Yes. In the first phase, all plants were assessed by their respective operators. These assessments were then checked by the respective national regulators, including on-site checks. Finally, the peer review phase covered all plants on the basis of the national reports submitted to the Commission, country presentations at the peer review meetings and additional questions to the regulators and the operators in the course of the country visits. The peer review teams visited 54 out of 145 reactors (37% of EU total), covering all the different reactor types in the EU.
7. What are the main findings of stress tests?
The stress tests looked at the safety features in the light of the lessons learned from the Fukushima accident. They pointed out several areas where the highest international standards and best practices are not applied. These included:
Earthquake risk: In the design of 54 EU reactor units out of 145 (37%), modern standards for earthquake risk calculation are not taken into account. The risk calculation should be based on a 10 000 year time frame, instead of the much shorter time frames sometimes used.
Flooding risk: In the design of 62 reactors (43%), modern standards for flooding risk calculation are not taken into account. The risk calculation should be based on a 10 000 year time frame, instead of the much shorter time frames sometimes used.
Minimum seismic hazard level: The internationally recommended minimum seismic hazard level, regardless of any lower apparent exposure to seismic hazard, has not been used for the seismic hazard studies of 65 reactors (45%).
Equipment to fight severe accidents should be stored in places protected even in the event of general devastation and from where it can be quickly retrieved. This is not the case for 81 reactors (56%).
On-site seismic instruments to measure and alert of possible earthquakes should be available at every nuclear power plant. These instruments should be installed or improved in 121 reactors (83%).
After a Station Blackout, the NPP should be able to cope for more than 1 hour without intervention before safety functions need to be restored, in order to prevent reactor core heat-up. This is not the case in 5 reactors (3%).
Emergency Operating Procedures should cover all NPP states (i.e. full power to shutdown states). This is not the case in 57 reactors (39%).
Severe Accident Management Guidelines should be implemented and cover all plant states (i.e. full power to shutdown states). This is not the case in 79 reactors (54%).
Passive measures (i.e. measures which do not require initiation by any other system or human intervention) to prevent hydrogen explosions (or of other combustible gases) in case of severe accident should be in place. This is not the case in 40 reactors (28%).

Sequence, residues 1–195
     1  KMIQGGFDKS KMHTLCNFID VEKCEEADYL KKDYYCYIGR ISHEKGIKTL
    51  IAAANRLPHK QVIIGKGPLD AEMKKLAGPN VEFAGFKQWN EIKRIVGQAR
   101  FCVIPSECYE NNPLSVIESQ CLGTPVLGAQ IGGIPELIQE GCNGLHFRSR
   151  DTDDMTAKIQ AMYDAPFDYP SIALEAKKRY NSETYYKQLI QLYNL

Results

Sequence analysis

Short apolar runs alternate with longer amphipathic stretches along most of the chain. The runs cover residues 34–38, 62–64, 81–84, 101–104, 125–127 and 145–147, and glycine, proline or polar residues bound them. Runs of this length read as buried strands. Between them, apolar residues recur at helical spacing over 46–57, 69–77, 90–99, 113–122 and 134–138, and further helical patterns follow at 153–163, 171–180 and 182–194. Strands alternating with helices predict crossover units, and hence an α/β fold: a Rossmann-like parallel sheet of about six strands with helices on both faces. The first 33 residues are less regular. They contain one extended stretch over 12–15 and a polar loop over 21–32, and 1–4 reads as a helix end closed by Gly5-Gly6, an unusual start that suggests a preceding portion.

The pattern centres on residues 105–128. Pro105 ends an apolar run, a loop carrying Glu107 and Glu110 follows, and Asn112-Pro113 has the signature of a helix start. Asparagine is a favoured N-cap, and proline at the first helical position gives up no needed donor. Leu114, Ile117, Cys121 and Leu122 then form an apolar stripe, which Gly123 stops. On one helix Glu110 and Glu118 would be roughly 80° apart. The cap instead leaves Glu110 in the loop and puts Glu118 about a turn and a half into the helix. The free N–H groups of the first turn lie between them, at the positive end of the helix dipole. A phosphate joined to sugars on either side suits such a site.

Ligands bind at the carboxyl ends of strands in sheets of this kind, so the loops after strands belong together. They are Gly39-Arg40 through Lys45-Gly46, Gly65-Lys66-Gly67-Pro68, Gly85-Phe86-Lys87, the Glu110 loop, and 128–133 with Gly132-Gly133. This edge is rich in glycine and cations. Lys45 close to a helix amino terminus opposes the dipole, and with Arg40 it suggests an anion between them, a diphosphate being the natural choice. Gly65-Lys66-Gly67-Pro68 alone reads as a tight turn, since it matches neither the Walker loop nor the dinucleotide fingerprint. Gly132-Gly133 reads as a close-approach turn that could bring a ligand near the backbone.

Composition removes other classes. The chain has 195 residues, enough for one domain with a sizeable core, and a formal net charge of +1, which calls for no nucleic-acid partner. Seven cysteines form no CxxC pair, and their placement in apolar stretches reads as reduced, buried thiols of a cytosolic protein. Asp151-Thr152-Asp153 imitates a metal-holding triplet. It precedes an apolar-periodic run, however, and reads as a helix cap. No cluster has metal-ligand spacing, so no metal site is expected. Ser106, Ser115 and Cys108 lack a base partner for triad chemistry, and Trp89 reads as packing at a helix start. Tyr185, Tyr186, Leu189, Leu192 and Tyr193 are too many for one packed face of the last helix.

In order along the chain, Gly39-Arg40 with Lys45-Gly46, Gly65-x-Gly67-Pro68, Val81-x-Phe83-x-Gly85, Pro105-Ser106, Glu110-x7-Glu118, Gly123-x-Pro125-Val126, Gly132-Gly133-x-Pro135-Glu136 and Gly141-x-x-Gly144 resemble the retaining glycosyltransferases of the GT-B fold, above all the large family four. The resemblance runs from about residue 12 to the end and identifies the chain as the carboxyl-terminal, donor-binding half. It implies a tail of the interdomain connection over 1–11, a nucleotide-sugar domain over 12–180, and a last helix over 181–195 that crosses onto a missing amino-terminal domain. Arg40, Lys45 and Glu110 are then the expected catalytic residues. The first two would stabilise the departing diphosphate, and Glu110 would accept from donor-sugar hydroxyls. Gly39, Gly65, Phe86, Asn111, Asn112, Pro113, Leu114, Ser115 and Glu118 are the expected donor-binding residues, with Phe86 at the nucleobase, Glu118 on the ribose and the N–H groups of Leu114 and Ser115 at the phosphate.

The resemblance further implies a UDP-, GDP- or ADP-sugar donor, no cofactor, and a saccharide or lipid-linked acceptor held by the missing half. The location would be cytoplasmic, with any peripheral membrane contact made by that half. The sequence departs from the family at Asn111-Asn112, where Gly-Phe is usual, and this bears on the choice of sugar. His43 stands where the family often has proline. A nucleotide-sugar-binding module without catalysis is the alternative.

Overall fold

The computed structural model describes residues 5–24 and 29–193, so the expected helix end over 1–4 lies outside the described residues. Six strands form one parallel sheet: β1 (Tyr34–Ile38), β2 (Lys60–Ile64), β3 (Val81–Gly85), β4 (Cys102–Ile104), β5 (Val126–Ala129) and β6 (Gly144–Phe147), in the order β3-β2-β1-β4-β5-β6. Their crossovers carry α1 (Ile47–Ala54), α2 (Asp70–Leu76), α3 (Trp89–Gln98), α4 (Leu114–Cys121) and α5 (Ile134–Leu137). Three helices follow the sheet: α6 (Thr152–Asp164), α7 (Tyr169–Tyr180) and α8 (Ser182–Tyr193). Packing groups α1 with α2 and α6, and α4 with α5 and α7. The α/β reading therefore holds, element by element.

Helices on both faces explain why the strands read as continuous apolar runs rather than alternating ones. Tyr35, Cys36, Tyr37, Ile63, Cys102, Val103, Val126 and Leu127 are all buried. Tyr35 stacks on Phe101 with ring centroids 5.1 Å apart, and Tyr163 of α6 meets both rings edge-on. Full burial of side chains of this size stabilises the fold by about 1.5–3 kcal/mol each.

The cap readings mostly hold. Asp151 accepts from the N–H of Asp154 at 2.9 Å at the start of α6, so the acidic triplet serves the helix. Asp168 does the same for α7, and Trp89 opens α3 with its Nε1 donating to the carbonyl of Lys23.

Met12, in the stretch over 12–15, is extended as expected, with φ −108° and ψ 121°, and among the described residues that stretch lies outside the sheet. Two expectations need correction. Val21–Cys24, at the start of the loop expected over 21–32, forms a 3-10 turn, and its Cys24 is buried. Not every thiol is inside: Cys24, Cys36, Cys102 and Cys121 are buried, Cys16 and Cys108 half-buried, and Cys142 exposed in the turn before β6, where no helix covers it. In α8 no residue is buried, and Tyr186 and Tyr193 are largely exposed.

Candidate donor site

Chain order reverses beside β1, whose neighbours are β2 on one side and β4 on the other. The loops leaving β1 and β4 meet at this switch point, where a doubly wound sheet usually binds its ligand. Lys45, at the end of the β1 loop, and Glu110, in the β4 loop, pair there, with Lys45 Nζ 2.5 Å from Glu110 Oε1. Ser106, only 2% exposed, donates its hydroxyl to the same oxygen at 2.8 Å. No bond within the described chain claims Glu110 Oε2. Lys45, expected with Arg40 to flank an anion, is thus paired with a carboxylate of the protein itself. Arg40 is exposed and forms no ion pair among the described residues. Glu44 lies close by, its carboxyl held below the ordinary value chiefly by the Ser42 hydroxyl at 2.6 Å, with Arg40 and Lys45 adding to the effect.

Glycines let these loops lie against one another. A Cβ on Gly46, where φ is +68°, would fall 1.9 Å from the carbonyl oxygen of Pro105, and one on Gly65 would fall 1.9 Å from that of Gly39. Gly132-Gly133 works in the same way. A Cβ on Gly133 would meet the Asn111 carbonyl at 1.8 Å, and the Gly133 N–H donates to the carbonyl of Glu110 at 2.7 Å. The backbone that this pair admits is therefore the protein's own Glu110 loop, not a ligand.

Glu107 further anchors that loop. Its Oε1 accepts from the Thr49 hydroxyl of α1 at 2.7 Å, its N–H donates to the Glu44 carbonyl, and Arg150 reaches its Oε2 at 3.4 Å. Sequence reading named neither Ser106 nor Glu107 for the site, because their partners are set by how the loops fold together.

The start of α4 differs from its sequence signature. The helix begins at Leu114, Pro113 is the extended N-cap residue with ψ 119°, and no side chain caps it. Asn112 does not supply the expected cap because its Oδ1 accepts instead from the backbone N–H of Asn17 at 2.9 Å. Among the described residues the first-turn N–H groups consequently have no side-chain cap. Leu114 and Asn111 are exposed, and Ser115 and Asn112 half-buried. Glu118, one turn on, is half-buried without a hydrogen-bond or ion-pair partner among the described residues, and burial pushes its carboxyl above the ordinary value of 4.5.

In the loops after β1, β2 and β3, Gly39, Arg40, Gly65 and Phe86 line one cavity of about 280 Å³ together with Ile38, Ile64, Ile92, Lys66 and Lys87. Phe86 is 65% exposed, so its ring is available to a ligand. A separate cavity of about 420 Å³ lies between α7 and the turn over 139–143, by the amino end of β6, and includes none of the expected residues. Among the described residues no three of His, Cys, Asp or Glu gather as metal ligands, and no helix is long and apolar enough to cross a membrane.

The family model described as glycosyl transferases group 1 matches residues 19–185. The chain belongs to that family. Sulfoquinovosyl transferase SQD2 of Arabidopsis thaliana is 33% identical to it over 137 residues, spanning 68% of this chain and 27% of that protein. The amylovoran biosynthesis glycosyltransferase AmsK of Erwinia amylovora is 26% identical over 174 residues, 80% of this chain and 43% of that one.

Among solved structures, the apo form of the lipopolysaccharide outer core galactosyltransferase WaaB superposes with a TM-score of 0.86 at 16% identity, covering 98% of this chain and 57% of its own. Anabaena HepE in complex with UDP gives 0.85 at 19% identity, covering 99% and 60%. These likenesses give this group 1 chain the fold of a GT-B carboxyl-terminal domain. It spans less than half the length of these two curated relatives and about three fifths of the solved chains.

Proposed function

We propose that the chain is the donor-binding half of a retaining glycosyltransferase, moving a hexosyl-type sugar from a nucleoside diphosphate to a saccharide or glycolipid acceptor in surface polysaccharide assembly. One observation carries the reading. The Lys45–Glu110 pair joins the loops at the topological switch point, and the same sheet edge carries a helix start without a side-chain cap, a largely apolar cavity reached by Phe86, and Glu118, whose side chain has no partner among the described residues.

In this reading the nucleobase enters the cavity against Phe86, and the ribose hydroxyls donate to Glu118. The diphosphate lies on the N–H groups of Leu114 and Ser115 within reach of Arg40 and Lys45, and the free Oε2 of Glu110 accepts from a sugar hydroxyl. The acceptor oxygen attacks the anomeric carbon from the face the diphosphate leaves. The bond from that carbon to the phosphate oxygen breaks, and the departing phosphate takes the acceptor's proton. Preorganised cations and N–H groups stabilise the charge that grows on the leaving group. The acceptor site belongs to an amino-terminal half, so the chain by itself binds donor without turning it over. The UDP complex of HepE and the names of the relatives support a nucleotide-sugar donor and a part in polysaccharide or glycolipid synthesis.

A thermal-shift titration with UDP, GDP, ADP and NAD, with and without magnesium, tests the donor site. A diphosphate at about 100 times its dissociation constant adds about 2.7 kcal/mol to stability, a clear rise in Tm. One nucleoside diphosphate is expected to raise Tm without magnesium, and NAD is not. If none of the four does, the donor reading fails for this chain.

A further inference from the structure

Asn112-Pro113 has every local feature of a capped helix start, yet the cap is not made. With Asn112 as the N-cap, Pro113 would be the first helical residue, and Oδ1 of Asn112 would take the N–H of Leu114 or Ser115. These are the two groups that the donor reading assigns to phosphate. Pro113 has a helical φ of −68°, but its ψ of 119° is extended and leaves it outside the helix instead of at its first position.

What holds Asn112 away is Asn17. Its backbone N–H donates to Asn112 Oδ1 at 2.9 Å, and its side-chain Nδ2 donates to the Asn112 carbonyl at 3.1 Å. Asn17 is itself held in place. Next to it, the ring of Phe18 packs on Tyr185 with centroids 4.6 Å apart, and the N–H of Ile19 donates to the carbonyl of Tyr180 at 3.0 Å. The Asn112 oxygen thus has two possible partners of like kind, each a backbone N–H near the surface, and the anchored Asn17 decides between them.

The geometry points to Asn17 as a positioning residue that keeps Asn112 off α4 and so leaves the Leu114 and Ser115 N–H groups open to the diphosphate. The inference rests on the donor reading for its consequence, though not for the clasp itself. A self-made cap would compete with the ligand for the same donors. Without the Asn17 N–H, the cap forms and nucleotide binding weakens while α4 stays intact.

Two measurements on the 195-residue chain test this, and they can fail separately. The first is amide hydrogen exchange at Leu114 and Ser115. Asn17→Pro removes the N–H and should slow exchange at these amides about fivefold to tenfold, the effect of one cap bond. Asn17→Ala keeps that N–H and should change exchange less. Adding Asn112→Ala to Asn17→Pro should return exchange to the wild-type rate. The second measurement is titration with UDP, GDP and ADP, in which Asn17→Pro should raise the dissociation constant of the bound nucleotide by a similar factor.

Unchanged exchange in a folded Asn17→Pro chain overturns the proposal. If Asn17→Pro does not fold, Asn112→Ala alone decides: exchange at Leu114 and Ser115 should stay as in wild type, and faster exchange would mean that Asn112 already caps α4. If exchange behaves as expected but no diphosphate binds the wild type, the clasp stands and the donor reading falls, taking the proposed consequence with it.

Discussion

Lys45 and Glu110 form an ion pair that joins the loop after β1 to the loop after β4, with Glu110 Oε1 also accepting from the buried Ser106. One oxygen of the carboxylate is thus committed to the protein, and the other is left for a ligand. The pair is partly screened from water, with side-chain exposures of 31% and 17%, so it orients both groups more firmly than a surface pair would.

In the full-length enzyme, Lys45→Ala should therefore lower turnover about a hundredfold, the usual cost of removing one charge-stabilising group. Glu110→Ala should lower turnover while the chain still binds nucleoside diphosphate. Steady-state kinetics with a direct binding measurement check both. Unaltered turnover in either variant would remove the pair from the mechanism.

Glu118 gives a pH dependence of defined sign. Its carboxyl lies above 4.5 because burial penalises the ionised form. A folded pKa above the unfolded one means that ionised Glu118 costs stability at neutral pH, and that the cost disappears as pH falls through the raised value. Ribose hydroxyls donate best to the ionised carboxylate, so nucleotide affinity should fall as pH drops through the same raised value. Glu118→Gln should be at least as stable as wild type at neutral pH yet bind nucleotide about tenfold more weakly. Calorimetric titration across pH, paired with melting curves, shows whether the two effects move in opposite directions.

Containment filtered venting systems to allow safe depressurizing of the reactor containment in case of an accident should be in place. 32 reactors do not have these systems yet (22%).
Backup emergency control room should be available in case the main control room becomes inhabitable as a consequence of the radiological releases from a severe accident, of fire in the main control room or due to damage from extreme external hazards. These are not available for 24 reactors (17%).
8. What will happen?
The Commission encourages all participating countries to implement swiftly the recommendations of the stress tests.
National action plans with timetables for implementation will be prepared and will be made available by the end of 2012. The peer review methodology will be applied to these action plans in early 2013, in order to verify that the stress tests recommendations are consistently implemented in a transparent way throughout Europe. The Commission intends to report on the implementation of the stress test recommendations in June 2014.
In parallel, the Commission has reviewed the existing European legal framework for nuclear safety and will by early 2013 propose amendments to reflect the lessons learned in the stress tests and from the Fukushima accident. Presentation of a further proposal on nuclear insurance and liability is under consideration and will follow in 2013, as well as a proposal on maximum permitted levels of radioactive contamination in foodstuffs and feeding stuffs.
Strong cooperation at international level, in particular with the International Atomic Energy Agency (IAEA), is also essential. The EU should have an active role in the upcoming discussions on improving the effectiveness of the Convention on Nuclear Safety, in the framework of the IAEA.
9. Did the checks include resistance to terrorist attacks?
No. Prevention and response to incidents due to malevolent or terrorist acts are not part of the mandate of ENSREG, the group of national safety authorities.
Risks due to security threats were considered by the Council Ad-hoc Group on Nuclear Security (AHGNS). In contrast to the ENSREG safety assessments, the AHGNS did not look at individual installations but assessed the state of nuclear security in the EU as a whole, by looking at methodologies for the protection of NPPs, including preventive measures.
Including 11 of the 14 EU Member States that currently operate NPPs plus Lithuania.